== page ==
Sunday, October 18, 2009

On the Soapbox: The DOJ and Statistics

Okay, I realize that, just two posts ago, I complained about the unreliability of crime rate statistics. But I still have one more rant in mind concerning the topic of crime statistics. This rant concerns the myopic focus of the United States Department of Justice in emphasizing crime statistics too much. In other words, I am back on the soapbox today to complain about how, in my opinion, the DOJ inappropriately pushes each U.S. Attorney's Office around the country to focus more on the quantity of cases, rather than on the quality of cases, which each office prosecutes. In my opinion, DOJ does this in several ways.

For example, in recent years, DOJ, which oversees all 94 U.S. Attorney Offices around the country, has increased the statistical reporting requirements by each office. For instance, each U.S. Attorney's Office is periodically required to submit meticulous records to DOJ in Washington as to the number of hours spent by each Assistant U.S. Attorney, (and each U.S. Attorney's Office), along with the numbers and types of each of the criminal cases prosecuted. Then, DOJ crunches these numbers and they can (and do) "encourage" some of the offices with lower numbers to increase their numbers in certain crime categories, or else the U.S. Attorney's Office may lose funding for prosecutor positions! In other words, in my opinion, as a result, the focus of the federal government is now more on case numbers than on case quality or outcome.

In addition, DOJ periodically sends out evaluation teams to each U.S. Attorney's Office around the country to ensure that each office is complying with DOJ priorities. While, in some ways, such evaluations are a good management tool, the problem is that it promotes each U.S. Attorney's Office to "do what Washington expects," even if local crime problems present different challenges than Washington's "cookie cutter" approach. And the consequences of not following DOJ's directives can be serious: again, DOJ will not only castigate a non-compliant U.S. Attorney's Office in writing, but may also withhold some funding of U.S. Attorney Office positions.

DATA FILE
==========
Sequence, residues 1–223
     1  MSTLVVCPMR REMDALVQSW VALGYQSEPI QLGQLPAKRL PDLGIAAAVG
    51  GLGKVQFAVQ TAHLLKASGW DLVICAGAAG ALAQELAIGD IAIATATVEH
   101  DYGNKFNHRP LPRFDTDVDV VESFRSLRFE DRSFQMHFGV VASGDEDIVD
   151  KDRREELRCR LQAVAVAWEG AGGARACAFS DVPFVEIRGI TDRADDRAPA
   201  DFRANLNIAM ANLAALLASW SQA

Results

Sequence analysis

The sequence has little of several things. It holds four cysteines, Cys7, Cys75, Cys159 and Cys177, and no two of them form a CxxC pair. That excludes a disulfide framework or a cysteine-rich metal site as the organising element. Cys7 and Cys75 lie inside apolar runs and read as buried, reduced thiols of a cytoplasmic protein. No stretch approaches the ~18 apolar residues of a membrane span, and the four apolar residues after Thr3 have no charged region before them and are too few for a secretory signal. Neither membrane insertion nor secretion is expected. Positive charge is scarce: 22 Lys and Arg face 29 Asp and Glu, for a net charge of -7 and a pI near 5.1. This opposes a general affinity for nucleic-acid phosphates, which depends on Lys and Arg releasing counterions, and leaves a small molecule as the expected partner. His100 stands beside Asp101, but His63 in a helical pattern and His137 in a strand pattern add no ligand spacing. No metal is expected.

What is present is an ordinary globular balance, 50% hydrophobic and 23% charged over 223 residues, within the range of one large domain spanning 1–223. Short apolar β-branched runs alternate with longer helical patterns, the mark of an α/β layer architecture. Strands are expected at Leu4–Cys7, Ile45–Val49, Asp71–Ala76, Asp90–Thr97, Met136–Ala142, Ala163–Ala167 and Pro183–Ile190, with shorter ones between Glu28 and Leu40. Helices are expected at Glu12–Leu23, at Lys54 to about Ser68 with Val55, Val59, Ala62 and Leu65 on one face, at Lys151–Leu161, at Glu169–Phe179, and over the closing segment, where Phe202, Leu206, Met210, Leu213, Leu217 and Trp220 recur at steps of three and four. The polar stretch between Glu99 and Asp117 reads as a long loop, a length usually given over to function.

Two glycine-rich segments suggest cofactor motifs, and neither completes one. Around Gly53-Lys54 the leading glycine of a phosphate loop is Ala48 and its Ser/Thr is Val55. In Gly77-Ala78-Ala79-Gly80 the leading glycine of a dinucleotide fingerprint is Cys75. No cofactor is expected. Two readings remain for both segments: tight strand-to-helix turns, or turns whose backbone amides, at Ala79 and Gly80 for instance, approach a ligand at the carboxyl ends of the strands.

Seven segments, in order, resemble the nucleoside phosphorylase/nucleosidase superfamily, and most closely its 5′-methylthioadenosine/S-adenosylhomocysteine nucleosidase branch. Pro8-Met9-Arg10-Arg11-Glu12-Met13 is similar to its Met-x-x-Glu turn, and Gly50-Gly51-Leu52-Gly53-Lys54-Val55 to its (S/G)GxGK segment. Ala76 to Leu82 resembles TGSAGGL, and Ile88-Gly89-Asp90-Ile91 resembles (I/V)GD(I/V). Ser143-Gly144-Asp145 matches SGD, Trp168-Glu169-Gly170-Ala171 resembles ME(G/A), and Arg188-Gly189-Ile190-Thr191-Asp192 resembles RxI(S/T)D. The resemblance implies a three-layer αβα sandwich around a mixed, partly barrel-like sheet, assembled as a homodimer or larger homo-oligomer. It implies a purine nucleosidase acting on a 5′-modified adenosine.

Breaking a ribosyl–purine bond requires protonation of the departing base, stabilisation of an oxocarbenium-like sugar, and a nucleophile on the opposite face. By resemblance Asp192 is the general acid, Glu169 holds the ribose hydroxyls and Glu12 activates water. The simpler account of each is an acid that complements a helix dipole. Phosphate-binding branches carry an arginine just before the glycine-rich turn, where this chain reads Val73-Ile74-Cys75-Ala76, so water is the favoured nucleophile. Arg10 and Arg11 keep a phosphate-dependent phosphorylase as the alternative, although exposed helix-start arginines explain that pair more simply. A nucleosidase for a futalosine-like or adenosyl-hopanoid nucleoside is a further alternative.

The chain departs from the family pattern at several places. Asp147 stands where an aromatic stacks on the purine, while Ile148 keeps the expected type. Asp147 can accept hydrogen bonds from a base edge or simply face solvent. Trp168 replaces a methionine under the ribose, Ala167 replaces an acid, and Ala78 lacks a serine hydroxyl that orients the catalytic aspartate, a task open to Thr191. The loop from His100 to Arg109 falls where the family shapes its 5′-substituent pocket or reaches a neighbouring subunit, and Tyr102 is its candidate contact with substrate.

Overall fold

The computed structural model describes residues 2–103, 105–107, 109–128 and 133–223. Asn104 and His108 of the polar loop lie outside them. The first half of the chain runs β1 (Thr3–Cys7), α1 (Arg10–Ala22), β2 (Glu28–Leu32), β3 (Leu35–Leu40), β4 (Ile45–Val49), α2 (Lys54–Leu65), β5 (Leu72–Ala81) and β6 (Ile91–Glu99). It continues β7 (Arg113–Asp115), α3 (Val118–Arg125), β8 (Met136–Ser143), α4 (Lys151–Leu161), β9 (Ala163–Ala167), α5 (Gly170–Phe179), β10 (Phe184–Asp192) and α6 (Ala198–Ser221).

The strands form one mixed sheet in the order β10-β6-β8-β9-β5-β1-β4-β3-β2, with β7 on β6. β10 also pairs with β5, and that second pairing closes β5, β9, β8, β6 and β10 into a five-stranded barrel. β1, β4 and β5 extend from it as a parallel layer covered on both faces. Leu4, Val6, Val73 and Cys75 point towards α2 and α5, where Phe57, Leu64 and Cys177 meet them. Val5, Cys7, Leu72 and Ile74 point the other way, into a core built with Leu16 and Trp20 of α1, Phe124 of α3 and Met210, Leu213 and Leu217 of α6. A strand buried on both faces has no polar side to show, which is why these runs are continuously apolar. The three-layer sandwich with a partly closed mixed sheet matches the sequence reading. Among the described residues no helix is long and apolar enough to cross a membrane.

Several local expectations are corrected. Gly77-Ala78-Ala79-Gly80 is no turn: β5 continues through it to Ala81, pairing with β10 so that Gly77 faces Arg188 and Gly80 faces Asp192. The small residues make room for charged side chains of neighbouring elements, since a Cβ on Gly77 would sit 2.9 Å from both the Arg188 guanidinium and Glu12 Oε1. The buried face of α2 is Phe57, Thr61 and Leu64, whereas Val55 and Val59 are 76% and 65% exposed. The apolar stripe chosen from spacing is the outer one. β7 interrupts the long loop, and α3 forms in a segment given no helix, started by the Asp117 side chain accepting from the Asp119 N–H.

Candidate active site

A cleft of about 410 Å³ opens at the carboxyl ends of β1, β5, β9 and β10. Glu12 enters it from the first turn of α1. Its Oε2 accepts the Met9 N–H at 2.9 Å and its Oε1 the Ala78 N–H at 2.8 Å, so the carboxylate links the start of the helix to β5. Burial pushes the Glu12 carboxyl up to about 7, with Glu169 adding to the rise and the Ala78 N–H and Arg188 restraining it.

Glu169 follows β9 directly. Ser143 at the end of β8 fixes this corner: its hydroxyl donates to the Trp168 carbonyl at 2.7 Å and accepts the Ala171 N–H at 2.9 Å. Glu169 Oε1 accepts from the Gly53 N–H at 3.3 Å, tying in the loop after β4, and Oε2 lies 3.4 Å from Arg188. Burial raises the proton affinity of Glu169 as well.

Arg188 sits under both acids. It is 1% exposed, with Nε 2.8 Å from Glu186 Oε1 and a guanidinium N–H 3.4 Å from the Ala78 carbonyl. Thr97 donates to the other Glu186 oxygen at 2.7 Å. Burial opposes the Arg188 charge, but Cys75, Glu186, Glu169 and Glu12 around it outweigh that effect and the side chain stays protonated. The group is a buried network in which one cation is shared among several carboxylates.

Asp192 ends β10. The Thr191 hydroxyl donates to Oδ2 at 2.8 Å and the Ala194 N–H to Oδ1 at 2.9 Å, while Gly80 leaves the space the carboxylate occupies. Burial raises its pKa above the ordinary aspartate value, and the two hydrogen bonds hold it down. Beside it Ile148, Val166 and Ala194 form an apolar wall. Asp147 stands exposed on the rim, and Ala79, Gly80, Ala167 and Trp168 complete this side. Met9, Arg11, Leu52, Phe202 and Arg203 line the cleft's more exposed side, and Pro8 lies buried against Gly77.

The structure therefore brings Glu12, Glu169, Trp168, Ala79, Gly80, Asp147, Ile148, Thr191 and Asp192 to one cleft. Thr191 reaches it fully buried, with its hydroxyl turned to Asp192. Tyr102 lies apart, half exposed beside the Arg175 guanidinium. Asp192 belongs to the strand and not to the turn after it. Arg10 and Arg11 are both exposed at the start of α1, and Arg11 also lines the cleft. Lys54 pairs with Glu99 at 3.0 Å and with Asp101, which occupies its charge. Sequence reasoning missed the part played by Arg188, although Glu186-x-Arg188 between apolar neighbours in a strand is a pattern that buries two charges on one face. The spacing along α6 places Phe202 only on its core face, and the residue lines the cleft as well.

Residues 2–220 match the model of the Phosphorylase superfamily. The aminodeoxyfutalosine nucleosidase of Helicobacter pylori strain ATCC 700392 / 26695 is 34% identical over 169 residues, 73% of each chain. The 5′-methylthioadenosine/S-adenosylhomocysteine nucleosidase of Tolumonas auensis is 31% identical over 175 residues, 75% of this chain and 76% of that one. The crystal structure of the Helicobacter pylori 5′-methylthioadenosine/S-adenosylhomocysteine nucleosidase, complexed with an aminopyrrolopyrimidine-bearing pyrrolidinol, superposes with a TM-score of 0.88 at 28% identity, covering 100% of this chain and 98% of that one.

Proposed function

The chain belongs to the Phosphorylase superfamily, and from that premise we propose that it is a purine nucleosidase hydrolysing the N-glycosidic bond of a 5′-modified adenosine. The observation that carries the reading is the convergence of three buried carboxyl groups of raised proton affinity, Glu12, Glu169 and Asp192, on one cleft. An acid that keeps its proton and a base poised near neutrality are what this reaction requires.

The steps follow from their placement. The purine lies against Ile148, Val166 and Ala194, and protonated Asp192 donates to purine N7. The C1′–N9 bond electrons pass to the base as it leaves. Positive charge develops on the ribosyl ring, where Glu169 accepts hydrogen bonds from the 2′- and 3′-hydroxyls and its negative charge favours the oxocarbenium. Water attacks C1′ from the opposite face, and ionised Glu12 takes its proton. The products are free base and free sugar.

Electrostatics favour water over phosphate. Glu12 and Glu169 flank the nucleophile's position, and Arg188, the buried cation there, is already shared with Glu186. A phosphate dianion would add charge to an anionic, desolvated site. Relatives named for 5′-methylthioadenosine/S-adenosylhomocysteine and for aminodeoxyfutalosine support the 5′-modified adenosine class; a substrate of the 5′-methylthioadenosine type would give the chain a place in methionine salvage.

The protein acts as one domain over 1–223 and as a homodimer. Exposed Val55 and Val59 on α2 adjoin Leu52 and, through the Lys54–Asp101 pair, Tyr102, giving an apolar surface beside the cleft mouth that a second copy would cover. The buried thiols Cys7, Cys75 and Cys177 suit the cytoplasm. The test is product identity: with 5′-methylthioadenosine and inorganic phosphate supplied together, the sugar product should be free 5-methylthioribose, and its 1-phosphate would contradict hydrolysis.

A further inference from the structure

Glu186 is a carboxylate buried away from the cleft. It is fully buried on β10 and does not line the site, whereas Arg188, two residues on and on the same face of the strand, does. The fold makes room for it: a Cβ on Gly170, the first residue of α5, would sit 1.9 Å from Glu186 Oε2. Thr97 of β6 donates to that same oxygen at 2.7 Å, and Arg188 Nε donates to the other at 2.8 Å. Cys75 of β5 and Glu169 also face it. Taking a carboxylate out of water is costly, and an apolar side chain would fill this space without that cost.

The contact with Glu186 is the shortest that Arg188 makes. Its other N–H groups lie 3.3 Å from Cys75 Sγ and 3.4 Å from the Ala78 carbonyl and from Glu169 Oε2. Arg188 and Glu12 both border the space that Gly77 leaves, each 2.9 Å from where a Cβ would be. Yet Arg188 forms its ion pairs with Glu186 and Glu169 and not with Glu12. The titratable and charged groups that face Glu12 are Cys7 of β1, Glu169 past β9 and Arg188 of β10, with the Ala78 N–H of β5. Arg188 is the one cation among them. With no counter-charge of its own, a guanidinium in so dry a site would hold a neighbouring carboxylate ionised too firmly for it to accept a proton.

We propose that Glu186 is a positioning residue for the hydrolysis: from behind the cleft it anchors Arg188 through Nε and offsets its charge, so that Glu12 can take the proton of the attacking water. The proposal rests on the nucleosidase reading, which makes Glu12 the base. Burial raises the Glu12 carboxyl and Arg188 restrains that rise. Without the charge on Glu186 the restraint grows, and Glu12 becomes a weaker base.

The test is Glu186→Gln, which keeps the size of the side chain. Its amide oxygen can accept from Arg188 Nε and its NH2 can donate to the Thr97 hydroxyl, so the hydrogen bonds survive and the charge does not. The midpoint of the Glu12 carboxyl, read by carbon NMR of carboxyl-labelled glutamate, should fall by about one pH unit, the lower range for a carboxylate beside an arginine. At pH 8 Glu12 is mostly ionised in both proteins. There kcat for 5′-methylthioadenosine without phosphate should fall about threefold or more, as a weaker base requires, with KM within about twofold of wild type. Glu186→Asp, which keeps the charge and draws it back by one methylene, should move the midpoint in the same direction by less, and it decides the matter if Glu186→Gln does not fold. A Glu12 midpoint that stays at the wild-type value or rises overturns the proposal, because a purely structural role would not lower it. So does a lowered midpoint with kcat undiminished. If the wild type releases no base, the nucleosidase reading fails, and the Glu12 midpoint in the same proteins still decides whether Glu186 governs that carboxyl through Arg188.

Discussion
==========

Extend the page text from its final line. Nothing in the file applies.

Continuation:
Finally, one of DOJ's real problems, in my opinion, is the fact that, in evaluating its crime statistics, the DOJ also generally rates each criminal case, both large and small, just the same. For example, generally speaking, each small gun trafficking case is considered a "number," just the same, for many statistical purposes, as each large gun trafficking case. And the same is true for every fraud case, drug case, and for criminal cases in every other crime category. As a result, (although presumably each Office will try to do the right thing), there is no incentive from DOJ for the U.S. Attorneys' Offices to devote significant resources to large, complex cases, since DOJ will not give that office any more statistical credit for working on the big federal criminal cases. And if you work on a few large cases, then you may get penalized if you then have less time to boost your small case stats! So, what would you guess the U.S. Attorneys' Offices are going to focus on -- more small cases or a few large cases?

As a former federal prosecutor, (and current criminal defense attorney), I am concerned that, in the future, we will not see many U.S. Attorney's Offices working on very many long, complex federal criminal investigations. They simply can't afford it because DOJ's approach simply doesn't encourage it. Instead, the trend is toward U.S. Attorney's Offices focusing more on small drug cases and other quick, "slam dunk" types of cases, so that they can generate large case numbers to please Washington, and keep their resources!

So, that is why I am on the soapbox today! In my opinion, DOJ's "numbers" policy encourages the prosecution of the "little fishes" and may let the "big fishes" get away! So, after 20 years of working for DOJ, now you can see why I am sick of crime statistics! What do you think?

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